I urge the support of my colleagues.

Mr. HAMILTON. Mr. Speaker, I yield 5 minutes to the distinguished gentleman from Florida [Mr. Deutsch].

Mr. DEUTSCH. Mr. Speaker, I rise today in strong support of H.R. 2386. This bill addresses two core issues in U.S. policies toward China: No. 1, the current and future political status of Taiwan; and, No. 2, the defense of Taiwan from threats or military attacks by China.

H. Con. Resolution 100, which I introduced back on June 18 just prior to the return of Hong Kong to China, is now included in the bill of the gentleman from California [Mr. Hunter]. My legislation has 42 cosponsors and broad bipartisan support. It specifically expresses the sense of Congress that, one, the transfer of Hong Kong to China does not alter the current and future status of Taiwan; two, the future status of Taiwan should be determined by peaceful means through a democratic process; and, three, the United States should assist in the defense of Taiwan in cases of threat or military attack by China against Taiwan.

The historic transfer of Hong Kong to China on July 1 should bear no consequence on the future status of Taiwan. The case of Taiwan is separate and distinct from Taiwan. Unlike Hong Kong, Taiwan has never entered into any agreements with China that determine the future status of Taiwan. Taiwan is, in fact, a de facto independent state and should determine its official future political status peacefully through democratic means.

Beijing's claim on Taiwan is based neither on historic nor legal realities. The facts are clear. With the exception of a brief period from 1887 to 1895, Taiwan has been free of Chinese rule. Today Taiwan has separate governments, financial markets, dialects and cultures from mainland China.

Mr. Speaker, by calling something black does not make it black; by calling something white does not make it white. Taiwan is a de facto independent state.

The second major component of this legislation is the U.S. role in the defense of Taiwan. I was deeply concerned last year as I watched the so-called military exercises by the Chinese in the Taiwan Strait. It is obvious that the Chinese attempted to test the will of the United States with those exercises. The United States demonstrated with the deployment of two aircraft carriers and aggressive diplomacy that we would stand up to the Chinese and defend Taiwan against these acts of aggression.

H.R. 2386 will further the U.S. commitment to assist in the defense of Taiwan by providing them with arms of a defensive nature which should act as a deterrent from future Chinese threats and protection in case of an attack. H.R. 2386 is consistent with the three communiques and the Taiwan Relations Act which states that any threat to Taiwan's safety and security is of grave concern to the United States.

Speaker Gingrich bolstered the basis of the communiques and the act on his recent visit to China when he told China's President that the United States will defend Taiwan, period. I commend the Speaker for his comments and urge this body to adopt such a stance with the passage of this legislation.

This is not a partisan issue. I say to my colleagues on both sides of the aisle that we have a responsibility to fortify and defend democracies throughout the world. That is at the crux of U.S. foreign policy. Our relations with Taiwan should not be treated any differently.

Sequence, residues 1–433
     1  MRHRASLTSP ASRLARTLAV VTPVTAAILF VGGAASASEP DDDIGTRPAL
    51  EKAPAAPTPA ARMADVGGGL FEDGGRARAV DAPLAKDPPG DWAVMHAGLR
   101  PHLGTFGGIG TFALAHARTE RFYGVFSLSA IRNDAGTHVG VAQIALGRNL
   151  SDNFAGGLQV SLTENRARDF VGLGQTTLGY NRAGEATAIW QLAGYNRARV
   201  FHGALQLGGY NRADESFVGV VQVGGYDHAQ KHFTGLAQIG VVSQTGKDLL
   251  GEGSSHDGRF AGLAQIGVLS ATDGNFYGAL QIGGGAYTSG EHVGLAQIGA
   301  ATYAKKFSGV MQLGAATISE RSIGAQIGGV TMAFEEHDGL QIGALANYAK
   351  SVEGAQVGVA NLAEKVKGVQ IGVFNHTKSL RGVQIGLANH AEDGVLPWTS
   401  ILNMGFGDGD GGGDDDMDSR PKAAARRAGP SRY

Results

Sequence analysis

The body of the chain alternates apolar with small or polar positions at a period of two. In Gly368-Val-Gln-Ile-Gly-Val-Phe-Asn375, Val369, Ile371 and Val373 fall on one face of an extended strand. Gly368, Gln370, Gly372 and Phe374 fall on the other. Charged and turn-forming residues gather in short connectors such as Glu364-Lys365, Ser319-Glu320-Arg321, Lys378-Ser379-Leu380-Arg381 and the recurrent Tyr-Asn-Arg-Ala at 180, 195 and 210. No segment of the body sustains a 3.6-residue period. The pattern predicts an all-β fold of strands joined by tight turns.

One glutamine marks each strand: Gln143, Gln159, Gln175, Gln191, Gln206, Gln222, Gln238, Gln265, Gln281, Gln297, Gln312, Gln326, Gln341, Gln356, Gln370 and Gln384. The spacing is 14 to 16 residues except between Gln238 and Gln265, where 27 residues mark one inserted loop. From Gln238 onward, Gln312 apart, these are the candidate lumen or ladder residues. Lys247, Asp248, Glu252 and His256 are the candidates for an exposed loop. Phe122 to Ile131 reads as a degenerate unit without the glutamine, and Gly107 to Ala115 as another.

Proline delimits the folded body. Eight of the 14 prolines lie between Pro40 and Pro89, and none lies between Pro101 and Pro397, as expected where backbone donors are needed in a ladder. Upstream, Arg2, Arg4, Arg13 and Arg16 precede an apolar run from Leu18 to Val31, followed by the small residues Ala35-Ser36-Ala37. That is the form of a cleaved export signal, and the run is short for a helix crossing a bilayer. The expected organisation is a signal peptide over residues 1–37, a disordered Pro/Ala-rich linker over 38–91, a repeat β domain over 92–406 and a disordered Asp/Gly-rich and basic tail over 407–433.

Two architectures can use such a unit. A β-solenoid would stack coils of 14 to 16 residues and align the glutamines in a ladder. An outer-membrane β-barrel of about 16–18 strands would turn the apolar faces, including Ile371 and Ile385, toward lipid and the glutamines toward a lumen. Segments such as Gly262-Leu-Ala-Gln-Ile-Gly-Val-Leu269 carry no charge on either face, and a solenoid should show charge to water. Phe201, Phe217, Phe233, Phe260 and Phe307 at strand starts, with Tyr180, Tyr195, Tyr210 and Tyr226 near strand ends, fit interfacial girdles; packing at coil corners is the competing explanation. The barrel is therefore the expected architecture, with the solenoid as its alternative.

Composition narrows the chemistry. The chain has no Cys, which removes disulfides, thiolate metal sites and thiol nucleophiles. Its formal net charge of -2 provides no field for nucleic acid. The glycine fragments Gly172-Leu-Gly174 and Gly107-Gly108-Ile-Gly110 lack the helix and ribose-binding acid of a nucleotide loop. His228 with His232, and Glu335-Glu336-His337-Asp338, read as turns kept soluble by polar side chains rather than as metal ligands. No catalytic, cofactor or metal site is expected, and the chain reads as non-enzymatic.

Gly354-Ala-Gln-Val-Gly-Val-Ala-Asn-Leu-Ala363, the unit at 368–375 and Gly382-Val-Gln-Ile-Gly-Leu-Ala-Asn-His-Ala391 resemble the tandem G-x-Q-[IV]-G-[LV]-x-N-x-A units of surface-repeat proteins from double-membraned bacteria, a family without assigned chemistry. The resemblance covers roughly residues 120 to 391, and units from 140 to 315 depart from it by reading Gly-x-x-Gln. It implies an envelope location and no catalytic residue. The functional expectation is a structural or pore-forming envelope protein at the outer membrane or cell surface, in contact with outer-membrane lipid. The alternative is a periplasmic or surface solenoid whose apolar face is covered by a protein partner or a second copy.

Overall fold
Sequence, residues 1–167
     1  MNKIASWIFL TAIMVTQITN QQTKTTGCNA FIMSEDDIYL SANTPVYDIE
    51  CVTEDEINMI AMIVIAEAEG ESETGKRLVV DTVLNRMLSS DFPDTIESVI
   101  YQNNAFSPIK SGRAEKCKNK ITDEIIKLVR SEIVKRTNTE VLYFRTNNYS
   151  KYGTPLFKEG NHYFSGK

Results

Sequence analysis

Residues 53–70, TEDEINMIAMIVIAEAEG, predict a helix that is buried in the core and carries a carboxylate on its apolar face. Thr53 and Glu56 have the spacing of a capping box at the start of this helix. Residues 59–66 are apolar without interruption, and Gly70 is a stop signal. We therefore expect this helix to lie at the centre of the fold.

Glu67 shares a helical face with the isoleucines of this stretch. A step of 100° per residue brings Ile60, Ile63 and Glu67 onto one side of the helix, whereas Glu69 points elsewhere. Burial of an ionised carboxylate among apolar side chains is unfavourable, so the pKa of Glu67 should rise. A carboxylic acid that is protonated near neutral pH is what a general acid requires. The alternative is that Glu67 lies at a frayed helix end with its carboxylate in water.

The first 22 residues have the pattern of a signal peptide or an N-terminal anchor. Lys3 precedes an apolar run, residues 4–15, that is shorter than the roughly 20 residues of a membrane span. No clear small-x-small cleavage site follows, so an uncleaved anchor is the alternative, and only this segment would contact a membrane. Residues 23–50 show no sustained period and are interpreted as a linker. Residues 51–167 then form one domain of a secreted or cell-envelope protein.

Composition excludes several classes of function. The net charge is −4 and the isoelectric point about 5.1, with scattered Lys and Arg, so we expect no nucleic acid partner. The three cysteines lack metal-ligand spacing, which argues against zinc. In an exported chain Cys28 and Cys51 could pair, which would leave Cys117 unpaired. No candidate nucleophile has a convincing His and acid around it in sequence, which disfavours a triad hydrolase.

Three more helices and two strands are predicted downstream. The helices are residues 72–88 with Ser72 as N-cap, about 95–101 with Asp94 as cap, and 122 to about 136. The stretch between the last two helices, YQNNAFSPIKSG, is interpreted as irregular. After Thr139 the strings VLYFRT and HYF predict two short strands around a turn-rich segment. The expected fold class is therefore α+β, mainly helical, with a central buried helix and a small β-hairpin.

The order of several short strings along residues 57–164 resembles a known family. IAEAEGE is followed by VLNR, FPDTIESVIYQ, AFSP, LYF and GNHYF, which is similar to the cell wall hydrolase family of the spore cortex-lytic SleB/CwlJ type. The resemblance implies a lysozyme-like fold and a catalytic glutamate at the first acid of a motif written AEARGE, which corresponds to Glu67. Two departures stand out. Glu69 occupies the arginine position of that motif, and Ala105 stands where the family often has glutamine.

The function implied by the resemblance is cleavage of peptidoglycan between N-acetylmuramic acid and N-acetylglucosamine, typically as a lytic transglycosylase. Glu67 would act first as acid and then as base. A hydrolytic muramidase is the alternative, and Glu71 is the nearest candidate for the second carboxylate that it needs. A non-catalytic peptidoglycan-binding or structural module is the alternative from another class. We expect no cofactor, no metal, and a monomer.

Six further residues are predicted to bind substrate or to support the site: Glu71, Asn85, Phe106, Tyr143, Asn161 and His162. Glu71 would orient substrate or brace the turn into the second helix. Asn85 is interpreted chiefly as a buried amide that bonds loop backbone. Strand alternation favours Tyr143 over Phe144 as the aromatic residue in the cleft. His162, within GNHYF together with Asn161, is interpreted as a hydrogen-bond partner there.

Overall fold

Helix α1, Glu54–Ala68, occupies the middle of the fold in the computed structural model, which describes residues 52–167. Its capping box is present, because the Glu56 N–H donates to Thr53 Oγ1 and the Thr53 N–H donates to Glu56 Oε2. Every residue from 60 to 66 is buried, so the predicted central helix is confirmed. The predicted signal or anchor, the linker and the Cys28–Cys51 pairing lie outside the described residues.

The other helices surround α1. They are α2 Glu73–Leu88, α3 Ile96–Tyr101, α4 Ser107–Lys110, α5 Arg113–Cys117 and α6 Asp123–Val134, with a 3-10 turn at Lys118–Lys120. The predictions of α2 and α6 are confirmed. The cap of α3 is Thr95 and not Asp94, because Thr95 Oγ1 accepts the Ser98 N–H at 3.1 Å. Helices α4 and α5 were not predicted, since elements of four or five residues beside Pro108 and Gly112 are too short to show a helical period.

The issue is not for the U.S. Congress to determine the current or future status of Taiwan or to be their sole defenders in all confrontations. Rather, it is our duty to ensure that Taiwan has the means to defend itself against acts of aggression by China as it seeks to define its political status.

Mr. Speaker, I commend the gentleman from California [Mr. Hunter] for this important piece of legislation, as well as the gentleman from California [Mr. Cox], the gentleman from New York [Mr. Gilman] and the gentleman from New York [Mr. Solomon] for their hard work and leadership. I urge all my colleagues to support H.R. 2386.

[Page: H10154]

Mr. GILMAN. Mr. Speaker, I yield 3 minutes to the gentleman from California [Mr. Cunningham].

Mr. CUNNINGHAM. Mr. Speaker, I am not going to have to raise my voice tonight because I respect all the Members on this issue and, as a matter of fact, good friends with them. But I would disagree, and I would like to explain on some of the issues.

During the Navy I served with Admiral Brown on 7th Fleet staff. I was responsible for the defense of all Southeast Asia countries. For example, in Korea it was Team Spirit. We dealt with the host countries, not only the potential and exercise threat, but I had linguists that actually monitored North Korea in the real threat. We had Yama Secura, Japan; Cobra Gold and Tangent Flash in Philippines, and part of that was the threat on Taiwan.

China is not our ally, in my opinion. I think that Hong Kong will have much more effect on China than China has on Hong Kong. And I do not think there will be peace in the Middle East in my lifetime, but I believe we have to engage in the Middle East and constantly work in that direction.

I think the same is true with China. I think we have to engage in China, realizing that it takes a long time to change a 10,000-year-old dog, and especially a dog that has got very sharp and brutal teeth and is willing to use them at any time.

The real problem: During the recent missile firings from China in the direction of Taiwan, any time we take the U.S. fleet through the straits, they are in peril. It could be very difficult, and China has a formidable force that could make us pay bitterly. That is why the Upper-Tier system connected with the THAAD system is so very important, and the treaty not to slow down the missiles, because that would make us have to have more Aegis cruisers.